The Platinum Silver finish seems to hide fingerprints and dirt quite well on the outside and gives the device a smooth feel. The aluminum finish continues on the inside, wrapping the keyboard and touchpad. The only concern here is that the palm rests with this sort of finish usually begin to stain after a lot of use.
The whole thing weighs in at about 2.9 pounds (1.3kg), and it feels solid when you pick it up. There's very little flex in the chassis, which is a good thing on a convertible laptop; you don't want parts being pinched when converting to tent, stand, or tablet mode.
When converting, the hinges are tight but not enough to make you struggle. Shaking the laptop around in notebook mode, there isn't much play in the display as far as it closing on its own; at least not enough that you'd notice it in regular use. There are no creaking parts, and everything is smooth and machined well. Along the inside edges of the lid and bottom chassis is a chrome accent that sets things off in a subtle way.
There is a certain sponginess to the hinges, something that is common in these dual-hinge setups that you don't find as often on, say, the Yoga 910 with its watchband hinge. You can sort of move the lid of the laptop without actually seeing the hinges move. It's more of a flex that retakes its shape when you stop applying pressure. Nothing serious here and nothing that will affect daily use, but it's worth mentioning.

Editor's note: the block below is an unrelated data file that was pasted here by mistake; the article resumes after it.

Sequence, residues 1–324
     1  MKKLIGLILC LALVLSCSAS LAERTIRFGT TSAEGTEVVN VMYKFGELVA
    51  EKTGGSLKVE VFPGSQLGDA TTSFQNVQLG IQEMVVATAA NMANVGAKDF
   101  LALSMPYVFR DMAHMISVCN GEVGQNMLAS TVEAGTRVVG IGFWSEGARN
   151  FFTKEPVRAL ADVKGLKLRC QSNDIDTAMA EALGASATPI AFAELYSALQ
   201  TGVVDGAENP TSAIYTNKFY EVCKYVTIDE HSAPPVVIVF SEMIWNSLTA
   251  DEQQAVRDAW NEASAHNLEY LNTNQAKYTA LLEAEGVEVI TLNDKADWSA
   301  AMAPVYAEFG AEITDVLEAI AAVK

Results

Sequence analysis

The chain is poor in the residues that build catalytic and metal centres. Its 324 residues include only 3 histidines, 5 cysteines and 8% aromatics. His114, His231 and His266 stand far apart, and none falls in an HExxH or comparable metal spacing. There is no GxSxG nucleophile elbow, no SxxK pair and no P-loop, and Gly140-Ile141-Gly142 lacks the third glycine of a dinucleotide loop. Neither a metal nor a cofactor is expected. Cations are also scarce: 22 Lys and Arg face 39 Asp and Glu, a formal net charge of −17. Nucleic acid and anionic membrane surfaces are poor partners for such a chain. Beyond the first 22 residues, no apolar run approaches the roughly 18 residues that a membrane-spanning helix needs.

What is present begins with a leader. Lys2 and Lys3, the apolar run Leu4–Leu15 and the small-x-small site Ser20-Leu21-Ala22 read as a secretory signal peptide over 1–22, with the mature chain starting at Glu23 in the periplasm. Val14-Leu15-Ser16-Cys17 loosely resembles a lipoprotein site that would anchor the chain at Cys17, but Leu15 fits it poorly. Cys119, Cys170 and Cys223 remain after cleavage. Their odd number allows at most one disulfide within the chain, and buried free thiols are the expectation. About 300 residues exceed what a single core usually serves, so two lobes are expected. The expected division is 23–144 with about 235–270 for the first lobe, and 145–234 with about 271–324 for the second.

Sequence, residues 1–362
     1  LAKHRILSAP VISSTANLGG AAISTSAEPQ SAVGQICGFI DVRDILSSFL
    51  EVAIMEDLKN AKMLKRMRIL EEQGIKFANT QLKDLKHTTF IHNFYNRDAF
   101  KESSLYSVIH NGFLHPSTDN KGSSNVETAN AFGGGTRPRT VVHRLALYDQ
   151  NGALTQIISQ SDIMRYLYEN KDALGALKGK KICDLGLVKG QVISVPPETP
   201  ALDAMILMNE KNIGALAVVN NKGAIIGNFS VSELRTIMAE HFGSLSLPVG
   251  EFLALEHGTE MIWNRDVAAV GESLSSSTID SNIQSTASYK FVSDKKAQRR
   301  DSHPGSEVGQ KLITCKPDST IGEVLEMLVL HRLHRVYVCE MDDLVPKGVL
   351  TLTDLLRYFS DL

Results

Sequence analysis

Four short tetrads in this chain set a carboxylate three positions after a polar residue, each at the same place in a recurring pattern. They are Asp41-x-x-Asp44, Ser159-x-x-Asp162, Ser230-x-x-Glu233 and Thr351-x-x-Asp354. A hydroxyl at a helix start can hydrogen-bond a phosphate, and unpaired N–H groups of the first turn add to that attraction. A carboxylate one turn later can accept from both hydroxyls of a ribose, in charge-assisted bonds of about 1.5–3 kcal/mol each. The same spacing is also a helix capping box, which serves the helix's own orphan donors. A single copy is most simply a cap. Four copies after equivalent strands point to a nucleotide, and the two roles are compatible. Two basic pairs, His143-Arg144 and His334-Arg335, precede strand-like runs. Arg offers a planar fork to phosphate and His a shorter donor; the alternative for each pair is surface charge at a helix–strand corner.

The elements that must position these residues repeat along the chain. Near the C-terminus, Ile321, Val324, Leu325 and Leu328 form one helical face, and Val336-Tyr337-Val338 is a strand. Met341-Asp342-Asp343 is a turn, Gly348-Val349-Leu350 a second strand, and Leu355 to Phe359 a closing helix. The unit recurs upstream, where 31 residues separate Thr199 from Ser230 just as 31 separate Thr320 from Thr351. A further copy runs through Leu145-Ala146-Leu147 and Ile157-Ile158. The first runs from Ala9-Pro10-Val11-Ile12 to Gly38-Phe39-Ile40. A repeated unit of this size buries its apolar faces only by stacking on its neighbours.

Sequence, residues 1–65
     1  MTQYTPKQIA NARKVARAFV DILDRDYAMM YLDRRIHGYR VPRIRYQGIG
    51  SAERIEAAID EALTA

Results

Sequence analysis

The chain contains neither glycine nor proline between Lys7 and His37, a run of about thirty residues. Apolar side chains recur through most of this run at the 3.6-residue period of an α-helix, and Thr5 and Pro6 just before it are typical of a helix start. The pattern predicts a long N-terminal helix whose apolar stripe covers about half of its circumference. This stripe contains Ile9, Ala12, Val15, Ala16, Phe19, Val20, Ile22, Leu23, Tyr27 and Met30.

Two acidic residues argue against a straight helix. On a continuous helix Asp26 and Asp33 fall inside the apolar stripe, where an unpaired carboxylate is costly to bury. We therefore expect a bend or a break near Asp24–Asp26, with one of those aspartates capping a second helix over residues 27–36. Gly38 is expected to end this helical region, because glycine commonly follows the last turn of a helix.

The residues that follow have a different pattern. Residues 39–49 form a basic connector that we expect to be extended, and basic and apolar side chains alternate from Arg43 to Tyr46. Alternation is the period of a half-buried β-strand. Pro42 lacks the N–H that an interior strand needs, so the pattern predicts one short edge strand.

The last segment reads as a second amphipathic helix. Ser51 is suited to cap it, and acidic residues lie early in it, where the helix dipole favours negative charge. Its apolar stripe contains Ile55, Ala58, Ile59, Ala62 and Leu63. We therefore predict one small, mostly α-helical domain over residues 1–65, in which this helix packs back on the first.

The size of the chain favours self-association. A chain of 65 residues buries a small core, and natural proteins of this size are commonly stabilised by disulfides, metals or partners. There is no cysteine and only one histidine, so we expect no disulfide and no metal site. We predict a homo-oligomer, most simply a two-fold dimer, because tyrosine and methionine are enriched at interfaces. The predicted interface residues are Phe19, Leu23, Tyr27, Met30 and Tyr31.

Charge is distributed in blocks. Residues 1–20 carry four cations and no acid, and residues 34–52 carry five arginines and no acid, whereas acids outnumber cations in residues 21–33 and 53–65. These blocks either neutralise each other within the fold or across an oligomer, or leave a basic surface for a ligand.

A backlit power button is located on the right edge of the laptop next to the USB 3.0 port, and a fingerprint reader is embedded just below the keyboard on the right side of the laptop. Yes, it is compatible with Windows Hello, and it works as it should.
For vents, there is a long row along the back edge of the chassis, in between the two hinges. There is another larger row of vents on the bottom of the laptop.
Touch FHD display with not a lot of bezel